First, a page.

As green building becomes more popular, building officials are looking to beef up on their knowledge of new materials. Riead's consulting company, based in Blue Springs, Mo., just received an invitation to train building officials in Lee's Summit.
Perhaps not in the Midwest, but in other parts of the country, Riead said, new codes are being adopted to include more eco-friendly building methods.
"It is extra steps and extra hassle; it would be nice to have an update to the codes that takes it all into account," she said.
A good bet
Seven years after construction, the Eichlers are still enchanted with their straw-bale home.
The straw is used to insulate the home, giving it a well-above-average rating for insulation. And, because there is little room for moisture or air to get into the bales, the risk for fire is lower than many traditional homes.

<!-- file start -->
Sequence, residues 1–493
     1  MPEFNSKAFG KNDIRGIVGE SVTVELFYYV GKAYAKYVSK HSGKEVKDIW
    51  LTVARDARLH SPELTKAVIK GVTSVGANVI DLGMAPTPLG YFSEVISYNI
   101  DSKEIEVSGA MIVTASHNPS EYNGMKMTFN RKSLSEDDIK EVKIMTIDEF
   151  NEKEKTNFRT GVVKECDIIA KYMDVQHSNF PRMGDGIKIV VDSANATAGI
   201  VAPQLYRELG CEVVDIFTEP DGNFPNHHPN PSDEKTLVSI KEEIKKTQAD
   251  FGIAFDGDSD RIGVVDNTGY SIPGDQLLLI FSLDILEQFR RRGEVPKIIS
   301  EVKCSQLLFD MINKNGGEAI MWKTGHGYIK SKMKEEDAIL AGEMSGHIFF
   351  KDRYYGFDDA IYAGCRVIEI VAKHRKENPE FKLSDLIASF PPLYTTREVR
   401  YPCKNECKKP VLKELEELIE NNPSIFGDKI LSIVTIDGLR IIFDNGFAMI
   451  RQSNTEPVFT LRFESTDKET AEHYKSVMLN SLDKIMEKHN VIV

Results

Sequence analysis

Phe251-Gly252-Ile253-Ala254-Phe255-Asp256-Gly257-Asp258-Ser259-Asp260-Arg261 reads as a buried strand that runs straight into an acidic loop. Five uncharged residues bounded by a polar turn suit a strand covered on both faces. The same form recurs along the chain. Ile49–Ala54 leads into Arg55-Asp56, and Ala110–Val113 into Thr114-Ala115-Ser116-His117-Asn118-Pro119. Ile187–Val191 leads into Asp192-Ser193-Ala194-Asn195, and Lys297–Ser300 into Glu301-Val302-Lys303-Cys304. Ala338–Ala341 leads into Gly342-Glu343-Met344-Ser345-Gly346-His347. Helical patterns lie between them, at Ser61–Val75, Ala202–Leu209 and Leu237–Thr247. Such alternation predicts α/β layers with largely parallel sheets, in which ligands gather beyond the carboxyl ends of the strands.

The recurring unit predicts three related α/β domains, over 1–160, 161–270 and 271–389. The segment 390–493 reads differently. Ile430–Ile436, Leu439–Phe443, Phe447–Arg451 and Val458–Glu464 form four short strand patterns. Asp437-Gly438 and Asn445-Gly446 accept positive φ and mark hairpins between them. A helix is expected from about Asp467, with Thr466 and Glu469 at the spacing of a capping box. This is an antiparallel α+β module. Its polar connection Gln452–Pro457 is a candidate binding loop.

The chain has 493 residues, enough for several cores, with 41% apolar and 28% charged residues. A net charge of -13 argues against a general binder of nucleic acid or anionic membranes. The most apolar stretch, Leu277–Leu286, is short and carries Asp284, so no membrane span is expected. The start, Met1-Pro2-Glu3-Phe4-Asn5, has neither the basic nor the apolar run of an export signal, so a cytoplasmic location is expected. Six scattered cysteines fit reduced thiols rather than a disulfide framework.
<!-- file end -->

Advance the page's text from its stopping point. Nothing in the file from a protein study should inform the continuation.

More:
Still, the Eichlers conceded that building the straw-bale home was a bit of a bet.
The couple acted as the general contractor, used Lane as their architect and hired Manhattan builder Rod Harms as a consultant.
The Eichlers installed other green features, such as a geothermal heating and cooling system, insulating concrete forms in the basement, thermal shades on the windows, Energy Star appliances and wood floors made out of renewable bamboo.
As for the green price tag, using the eco-friendly features added about 20 percent onto the cost of building the 3,600-foot house. But David Eichler estimates in the seven years they have lived in the home, the geothermal system has paid for itself. And each month, they save between $400 and $800 on their utility bills.
"It was a gamble that paid off," he said.